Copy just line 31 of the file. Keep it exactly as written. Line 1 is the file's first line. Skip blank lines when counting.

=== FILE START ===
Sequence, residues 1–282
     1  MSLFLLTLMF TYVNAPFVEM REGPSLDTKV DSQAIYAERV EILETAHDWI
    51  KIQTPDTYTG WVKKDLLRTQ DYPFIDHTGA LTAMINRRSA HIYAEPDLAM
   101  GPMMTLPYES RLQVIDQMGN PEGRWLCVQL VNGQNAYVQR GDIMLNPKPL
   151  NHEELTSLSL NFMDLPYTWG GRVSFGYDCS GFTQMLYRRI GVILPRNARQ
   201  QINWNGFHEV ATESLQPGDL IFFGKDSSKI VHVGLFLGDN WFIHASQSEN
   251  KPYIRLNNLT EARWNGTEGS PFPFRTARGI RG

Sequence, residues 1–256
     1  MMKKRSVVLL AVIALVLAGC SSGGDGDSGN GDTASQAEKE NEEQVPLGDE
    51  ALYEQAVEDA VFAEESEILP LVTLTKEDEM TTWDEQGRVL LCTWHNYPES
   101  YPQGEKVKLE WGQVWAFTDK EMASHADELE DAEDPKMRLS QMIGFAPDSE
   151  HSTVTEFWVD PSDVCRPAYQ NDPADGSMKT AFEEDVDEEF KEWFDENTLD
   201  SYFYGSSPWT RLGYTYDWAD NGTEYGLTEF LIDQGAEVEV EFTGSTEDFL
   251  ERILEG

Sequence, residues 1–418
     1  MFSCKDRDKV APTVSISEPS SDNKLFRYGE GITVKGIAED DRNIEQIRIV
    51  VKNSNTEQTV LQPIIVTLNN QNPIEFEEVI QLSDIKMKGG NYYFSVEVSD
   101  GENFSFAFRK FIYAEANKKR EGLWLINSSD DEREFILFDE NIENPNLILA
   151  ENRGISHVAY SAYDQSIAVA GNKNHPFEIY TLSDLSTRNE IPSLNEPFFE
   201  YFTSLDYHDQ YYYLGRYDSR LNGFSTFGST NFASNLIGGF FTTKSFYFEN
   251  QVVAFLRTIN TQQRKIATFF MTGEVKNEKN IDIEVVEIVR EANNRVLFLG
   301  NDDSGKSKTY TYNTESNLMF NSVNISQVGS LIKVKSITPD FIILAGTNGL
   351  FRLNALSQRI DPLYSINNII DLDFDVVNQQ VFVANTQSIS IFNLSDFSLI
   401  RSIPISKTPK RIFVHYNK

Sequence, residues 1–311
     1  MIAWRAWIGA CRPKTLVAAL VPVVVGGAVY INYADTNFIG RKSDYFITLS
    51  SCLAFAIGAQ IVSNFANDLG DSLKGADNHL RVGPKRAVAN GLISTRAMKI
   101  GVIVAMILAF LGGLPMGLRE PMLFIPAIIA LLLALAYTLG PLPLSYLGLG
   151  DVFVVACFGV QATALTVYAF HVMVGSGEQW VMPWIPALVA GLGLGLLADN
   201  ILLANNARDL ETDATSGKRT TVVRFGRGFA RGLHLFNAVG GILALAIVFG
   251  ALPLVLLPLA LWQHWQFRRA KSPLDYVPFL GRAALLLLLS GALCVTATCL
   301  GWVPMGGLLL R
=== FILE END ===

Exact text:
   251  ALPLVLLPLA LWQHWQFRRA KSPLDYVPFL GRAALLLLLS GALCVTATCL